Figure 4-80. Intense light-induced addition of chlorine to benzene.
Hexachlorocyclohexane, the product of the chlorination reaction shown in Figure 4-80, was broadly used as an insecticide under the trade name Lindane, but not anymore. Lindane shampoo, however, is still available to treat scabies and lice. 4.5.5. Production and Applications of Benzene and Other Aromatic Hydrocarbons.
Modern methods to produce aromatic hydrocarbons are based on various thermal and catalytic processes in petrochemical refineries and coke plants. All these processes produce mixtures of aromatic compounds, which are separated by a variety of techniques. Simple aromatic compounds, including benzene, toluene, naphthalene, and isomers of xylenes as well as many of their derivatives are commercially available.
Aromatic compounds have an exceptionally broad spectrum of applications. Some of these applications have been around for a long time, such as in materials for construction, car, aircraft, and spacecraft building, manufacturing of dyes, fabrics, fibers, explosives, lubricants, coatings, adhesives, etc. Active ingredients of numerous pharmaceuticals and agrochemicals are aromatic derivatives, including Aspirin, Tylenol, Ibuprofen, and Naproxen. The second most widely used pesticide in the U.S.A. (after Glyphosate) is Atrazine, an aromatic compound.
The most modern application of aromatic compounds is in electronics. Without materials based on aromatic compounds, there would have been no LCD and OLED displays, no smartphones, no CDs and DVDs, no modern computers, no modern audio and video equipment. Quite amazingly, aromatic materials originally developed for a particular application, sometimes find use in a totally different area. For instance, Kevlar® (subsection 4.9.5 below), the aromatic polymer originally used to make bullet-proof vests, has more recently found use in top of the line loudspeakers made by the U.K. company Bowers & Wilkins (B&W) and preferred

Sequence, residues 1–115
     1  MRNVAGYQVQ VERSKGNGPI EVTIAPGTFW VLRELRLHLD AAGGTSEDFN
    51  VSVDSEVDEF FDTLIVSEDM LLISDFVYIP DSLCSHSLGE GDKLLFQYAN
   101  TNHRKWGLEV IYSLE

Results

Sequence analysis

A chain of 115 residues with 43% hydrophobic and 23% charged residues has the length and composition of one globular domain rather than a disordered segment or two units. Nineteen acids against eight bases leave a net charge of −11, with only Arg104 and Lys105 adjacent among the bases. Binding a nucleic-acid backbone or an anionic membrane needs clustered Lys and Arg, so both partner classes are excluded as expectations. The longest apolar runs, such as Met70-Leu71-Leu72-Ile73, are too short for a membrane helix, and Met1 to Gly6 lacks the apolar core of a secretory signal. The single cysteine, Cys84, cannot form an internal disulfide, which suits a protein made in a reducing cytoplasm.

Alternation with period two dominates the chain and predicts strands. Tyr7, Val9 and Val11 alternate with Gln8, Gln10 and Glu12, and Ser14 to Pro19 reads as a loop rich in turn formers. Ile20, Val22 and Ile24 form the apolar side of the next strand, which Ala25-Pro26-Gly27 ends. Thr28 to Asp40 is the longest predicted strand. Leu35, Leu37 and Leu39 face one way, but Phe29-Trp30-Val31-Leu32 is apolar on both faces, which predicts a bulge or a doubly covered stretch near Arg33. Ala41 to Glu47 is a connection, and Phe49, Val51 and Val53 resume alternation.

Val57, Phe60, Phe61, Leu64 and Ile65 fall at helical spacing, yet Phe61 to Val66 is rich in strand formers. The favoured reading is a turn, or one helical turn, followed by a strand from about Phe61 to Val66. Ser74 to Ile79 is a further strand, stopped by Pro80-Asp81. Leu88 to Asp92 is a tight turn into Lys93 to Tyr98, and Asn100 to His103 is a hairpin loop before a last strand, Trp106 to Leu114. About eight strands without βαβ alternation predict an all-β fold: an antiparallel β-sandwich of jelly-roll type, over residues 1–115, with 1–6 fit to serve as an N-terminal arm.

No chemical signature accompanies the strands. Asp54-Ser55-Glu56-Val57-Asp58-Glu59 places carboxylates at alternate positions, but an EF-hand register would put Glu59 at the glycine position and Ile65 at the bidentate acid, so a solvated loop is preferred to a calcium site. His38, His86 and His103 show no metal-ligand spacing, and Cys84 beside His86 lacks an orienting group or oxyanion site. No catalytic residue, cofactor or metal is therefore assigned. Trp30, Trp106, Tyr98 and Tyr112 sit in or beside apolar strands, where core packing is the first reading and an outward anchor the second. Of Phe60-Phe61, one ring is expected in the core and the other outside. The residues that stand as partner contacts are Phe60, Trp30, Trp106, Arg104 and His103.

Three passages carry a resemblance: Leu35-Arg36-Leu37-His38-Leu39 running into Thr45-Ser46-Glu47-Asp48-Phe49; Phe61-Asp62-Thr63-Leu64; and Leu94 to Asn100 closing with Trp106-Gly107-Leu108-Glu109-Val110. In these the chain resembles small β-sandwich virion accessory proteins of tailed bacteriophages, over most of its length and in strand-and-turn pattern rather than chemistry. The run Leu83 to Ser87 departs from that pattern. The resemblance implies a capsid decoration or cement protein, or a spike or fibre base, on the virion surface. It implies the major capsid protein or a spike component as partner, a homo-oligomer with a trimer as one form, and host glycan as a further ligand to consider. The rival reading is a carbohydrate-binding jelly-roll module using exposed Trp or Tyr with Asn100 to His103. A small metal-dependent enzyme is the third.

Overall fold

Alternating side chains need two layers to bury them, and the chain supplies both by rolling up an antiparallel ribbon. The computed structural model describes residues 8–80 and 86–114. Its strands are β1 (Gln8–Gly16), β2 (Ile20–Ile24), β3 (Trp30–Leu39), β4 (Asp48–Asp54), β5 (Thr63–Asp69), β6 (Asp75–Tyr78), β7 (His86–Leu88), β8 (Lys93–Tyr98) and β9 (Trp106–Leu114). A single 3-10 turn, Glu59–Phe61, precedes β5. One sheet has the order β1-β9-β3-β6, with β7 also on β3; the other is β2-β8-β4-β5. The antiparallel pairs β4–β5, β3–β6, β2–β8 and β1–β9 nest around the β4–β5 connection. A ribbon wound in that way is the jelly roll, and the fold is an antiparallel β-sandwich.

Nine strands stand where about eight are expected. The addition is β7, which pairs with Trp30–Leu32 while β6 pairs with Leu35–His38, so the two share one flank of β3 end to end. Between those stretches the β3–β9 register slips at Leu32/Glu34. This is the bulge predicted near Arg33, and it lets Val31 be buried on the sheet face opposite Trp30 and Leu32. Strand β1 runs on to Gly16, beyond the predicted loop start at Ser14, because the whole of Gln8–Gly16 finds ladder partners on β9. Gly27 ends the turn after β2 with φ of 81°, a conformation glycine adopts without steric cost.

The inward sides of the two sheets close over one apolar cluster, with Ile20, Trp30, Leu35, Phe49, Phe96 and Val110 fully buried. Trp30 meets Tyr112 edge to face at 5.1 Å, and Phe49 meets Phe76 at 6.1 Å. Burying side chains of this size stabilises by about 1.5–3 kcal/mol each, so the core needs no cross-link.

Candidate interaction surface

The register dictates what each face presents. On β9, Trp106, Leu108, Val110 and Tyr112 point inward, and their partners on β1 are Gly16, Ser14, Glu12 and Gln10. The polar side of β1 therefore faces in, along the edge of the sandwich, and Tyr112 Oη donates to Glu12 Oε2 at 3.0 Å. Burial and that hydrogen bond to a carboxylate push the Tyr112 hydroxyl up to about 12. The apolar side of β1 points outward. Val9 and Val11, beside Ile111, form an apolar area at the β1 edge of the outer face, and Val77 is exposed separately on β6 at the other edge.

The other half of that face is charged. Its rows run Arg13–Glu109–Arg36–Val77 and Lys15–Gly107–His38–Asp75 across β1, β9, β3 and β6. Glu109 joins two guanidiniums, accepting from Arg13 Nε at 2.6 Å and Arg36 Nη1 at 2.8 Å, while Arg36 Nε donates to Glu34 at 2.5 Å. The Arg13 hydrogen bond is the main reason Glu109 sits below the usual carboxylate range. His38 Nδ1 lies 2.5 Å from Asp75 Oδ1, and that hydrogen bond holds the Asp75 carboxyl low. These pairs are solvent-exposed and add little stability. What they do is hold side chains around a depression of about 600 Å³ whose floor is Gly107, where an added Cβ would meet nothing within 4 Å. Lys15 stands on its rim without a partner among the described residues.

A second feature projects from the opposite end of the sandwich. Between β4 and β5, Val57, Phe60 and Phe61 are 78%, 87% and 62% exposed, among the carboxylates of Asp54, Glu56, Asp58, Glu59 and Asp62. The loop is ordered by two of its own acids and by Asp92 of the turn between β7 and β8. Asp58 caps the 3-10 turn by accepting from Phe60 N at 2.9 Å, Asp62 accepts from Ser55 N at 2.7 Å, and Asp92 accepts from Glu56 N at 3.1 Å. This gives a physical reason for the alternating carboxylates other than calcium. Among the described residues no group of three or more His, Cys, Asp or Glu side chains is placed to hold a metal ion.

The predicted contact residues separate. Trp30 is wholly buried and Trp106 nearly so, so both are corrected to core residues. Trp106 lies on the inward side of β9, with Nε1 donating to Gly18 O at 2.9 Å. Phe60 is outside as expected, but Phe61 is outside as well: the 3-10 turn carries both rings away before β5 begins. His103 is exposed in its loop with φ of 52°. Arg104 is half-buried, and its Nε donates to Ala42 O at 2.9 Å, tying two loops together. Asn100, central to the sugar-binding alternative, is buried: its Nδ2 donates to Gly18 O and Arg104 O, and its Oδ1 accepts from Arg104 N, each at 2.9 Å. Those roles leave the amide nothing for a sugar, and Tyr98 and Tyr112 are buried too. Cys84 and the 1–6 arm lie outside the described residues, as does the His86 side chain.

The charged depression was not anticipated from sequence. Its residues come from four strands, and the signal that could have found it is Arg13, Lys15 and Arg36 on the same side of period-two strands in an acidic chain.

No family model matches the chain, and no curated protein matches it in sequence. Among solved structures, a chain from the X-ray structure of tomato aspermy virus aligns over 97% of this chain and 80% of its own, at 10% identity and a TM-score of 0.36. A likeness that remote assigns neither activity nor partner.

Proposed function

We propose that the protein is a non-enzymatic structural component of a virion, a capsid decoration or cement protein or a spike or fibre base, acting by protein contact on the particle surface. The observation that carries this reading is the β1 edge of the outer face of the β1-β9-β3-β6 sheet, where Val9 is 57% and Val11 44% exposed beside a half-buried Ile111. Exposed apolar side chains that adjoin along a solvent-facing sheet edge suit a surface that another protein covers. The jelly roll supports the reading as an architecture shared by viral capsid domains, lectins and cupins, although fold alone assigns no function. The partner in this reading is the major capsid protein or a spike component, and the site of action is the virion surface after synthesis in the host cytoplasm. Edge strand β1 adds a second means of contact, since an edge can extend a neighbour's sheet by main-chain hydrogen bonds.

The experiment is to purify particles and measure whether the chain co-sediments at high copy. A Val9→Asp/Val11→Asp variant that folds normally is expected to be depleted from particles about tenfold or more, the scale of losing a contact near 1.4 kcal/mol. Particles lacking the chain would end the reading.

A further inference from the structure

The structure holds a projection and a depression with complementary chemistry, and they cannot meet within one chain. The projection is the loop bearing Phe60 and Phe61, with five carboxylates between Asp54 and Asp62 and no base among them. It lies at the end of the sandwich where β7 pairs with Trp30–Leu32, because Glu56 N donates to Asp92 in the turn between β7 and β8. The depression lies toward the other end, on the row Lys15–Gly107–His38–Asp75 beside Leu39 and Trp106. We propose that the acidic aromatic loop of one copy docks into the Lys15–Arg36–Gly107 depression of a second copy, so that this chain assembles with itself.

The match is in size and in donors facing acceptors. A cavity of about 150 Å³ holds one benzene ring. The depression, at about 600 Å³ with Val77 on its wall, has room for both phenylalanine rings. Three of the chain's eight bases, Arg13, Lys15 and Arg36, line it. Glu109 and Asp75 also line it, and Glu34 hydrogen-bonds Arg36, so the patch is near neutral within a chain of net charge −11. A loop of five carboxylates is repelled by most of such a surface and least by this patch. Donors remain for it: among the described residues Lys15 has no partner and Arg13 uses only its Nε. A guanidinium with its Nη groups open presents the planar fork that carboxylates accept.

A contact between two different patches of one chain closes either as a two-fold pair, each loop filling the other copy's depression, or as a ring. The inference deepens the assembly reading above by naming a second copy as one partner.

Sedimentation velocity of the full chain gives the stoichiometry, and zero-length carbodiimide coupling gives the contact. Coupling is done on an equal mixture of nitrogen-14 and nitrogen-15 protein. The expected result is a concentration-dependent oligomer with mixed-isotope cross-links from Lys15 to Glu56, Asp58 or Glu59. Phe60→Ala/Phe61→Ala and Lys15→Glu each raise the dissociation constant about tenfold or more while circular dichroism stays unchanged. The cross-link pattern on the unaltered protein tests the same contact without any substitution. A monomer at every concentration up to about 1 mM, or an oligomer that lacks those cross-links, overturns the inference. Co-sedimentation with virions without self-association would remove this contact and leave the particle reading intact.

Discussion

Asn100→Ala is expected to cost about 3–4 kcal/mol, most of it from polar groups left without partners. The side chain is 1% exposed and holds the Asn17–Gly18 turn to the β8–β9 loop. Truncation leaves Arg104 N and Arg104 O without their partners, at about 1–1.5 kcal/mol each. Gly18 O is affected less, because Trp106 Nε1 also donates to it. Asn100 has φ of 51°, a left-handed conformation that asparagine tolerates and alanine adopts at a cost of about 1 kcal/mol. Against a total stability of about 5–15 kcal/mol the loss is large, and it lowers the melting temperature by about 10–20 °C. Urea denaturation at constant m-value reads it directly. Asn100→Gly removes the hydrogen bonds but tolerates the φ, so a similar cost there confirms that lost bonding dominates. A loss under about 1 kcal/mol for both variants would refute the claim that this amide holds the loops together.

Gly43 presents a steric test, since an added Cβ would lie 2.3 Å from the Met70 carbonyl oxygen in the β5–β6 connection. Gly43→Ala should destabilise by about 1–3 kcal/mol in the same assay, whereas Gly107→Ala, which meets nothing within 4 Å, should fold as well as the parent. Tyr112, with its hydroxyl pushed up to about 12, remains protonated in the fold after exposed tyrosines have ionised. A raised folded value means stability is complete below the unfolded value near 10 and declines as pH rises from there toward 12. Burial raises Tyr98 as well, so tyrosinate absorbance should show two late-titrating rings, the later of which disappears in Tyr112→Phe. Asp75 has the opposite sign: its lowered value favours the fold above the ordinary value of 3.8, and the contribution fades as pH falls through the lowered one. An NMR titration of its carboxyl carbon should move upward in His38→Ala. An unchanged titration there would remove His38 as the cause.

by the renowned Abbey Road Studios in London, England. 4.5.6. Exercises.
1. Aromatic compounds are called aromatic because they all have a pleasant aroma. True or false? Answer
2. Benzene is (a) a liquid that boils below the boiling point of water and solidifies above the melting point of ice; (b) widely used in industry in spite of being toxic and carcinogenic; (c) a nonhazardous compound; (d) highly reactive toward Br2
that easily adds to all three C=C double bonds of benzene in the absence of a catalyst and light to give hexabromocyclohexane; (e) less reactive toward nitration and bromination than toluene. Answer
3. All six carbon-carbon bonds in benzene are equal in length and strength because the alternating double C=C bonds and single C-C bonds constituting the ring quickly interchange their positions. True or false? Answer
4. Draw chemical structures of (a) toluene; (b) naphthalene; (c) para
-dichlorobenzene; (d) 1,4-dinitrobenzene; (e) 1,3,5-tribromobenzene; (f) ortho
-difluorobenzene; (g) 1,2,3-trimethylbenzene; (h) para
5. What is wrong with the following chemical names: (a) 1,3,6-triethylbenzene; (b) 4,5-dinitrotoluene; (c) para
6. Using the hybridization concept, describe the electronic structure of benzene and explain the idea of π electron density delocalization. [Answer: See 4.5.2]
7. To prepare bromobenzene, C6
Br, from benzene C6
and bromine Br2
, the amount of bromine used per each mole of benzene should be (a) 0.5 mol; (b) 1 mol; (c) 2 mol. Answer
8. Write the mechanism of nitration of benzene with HNO3
in the presence of H2
9. Like benzene, benzoic acid is toxic and carcinogenic. True or false? Answer
10. Draw the structures of benzoic and terephthalic acids. [Answer: See Figures 4-77 and 4-78]
11. In industry, terephthalic acid is produced by oxidation of para
-xylene (1,4-dimethylbenzene) with KMnO4
. True or false? Answer
12. Define a Lewis acid, a Lewis base, a Brønsted-Lowry acid, and a Brønsted-Lowry base. Answer
13. Are toluene and xylenes homologues of benzene? Answer